Recently I started to think about where we get that message. Interestingly enough, it turns out that the bible does not use the word disappointed from the perspective of God. God is hurt by humans disobedience, God gets rightfully angry at humanity’s callous disregard for our neighbors, and God in in Jesus God is even killed by His own creation. Yet, he is never described as disappointed with humanity. This is surprising. It turns out God is not as we would be comfortable thinking of Him.

The more time I spend at the medical clinic practicing the art of receiving another’s brokenness, the more I realize that the Eastern Orthodox conception of sin is the most accurate I’ve encountered. Sin for the Eastern Church is a sickness. It is a disease which is slowly killing humanity. The actions of all of us sinners are the symptom (not the disease) of a deep seated brokenness. The fault lines of the traumas we have experienced in this broken world stretch to the depths of our hearts. We are all in need of medicine for this, not judgement. We are in need of connecting ourselves to the life of the one who has cured our illness in Himself. We need Jesus to truly live.

I think an orientation towards ourselves that takes this into account would help to ease and heal much of the self-inflicted pain and rejection we experience. It is difficult to look at a terminally ill person and judge them for their lack of dedication to help themselves live. It’s probably shocking to think of the fact that part of the Christian proclamation about humans is that we are all terminally ill. As theologian Stanley Hauerwas puts it, “No one gets out of life alive.” Not even Jesus. The cross came before the resurrection.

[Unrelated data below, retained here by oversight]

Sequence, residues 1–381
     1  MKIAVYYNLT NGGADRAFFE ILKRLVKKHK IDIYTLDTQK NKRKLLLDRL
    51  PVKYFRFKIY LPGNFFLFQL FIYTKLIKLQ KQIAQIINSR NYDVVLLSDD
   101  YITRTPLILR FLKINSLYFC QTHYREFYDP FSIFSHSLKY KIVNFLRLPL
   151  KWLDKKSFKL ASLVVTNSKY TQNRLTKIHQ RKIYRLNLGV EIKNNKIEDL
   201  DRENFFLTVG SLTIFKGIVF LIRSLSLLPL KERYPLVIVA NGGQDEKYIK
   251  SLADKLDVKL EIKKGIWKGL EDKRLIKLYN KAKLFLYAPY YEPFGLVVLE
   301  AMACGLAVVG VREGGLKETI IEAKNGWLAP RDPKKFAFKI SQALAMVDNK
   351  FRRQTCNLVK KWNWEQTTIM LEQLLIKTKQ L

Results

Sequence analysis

Surely many diseases of this nature can be and are made worse by human decisions, but I think once you get close enough to another human being this is not what you focus on. You begin to focus on helping to orient that person you care for towards life. You’re not scolding them for the ways that they were oriented towards death. Life for the terminally ill becomes a new way of receiving God, ourselves, each other, and the world around us.

This is life through receiving how God sees us. We are loved as we are by God, and are invited to love ourselves and others in the same way. We’re terminally ill, but not disappointing in our sickness. Dying, yet destined for life in Christ. We are at all times invited into the healing life of Holy Spirit and one day we will be whole.

Sometimes I laugh when Christian people are so vehement about the need for sending the non-believers to hell. It’s not because hell doesn’t exist (I see enough of it at work), but it is because these people are cheapening the power of God. We are cured in Christ. Humanity is brought to life from death in Him. Who are we to say that any one of us can ever truly escape the black hole of love that is the life, death, and resurrection of Jesus?

How are we to give up demanding the way we think things ought to be and receive the way they are? We demand judgement for our own shortcomings; God gives us mercy. We demand that we must be loved only after we have arrived at perfection; God loves us in our brokenness. We look at our failures and run away from God expecting condemnation; He pursues us in love and constantly waits for our return.

There are only 2 biblical usages of the word disappointment. One shows what happens when we trust in ourselves. The other shows what will not happen when we receive the work of God.We will always be disappointed by trusting our own inclination to be judges of ourselves or others. God has given us mercy and always will. We will never be disappointed when we receive the work of God. We’re always invited to the party in Christ.

We’re not disappointing to God. The terminally ill have been invited into the fullness of life just as they are.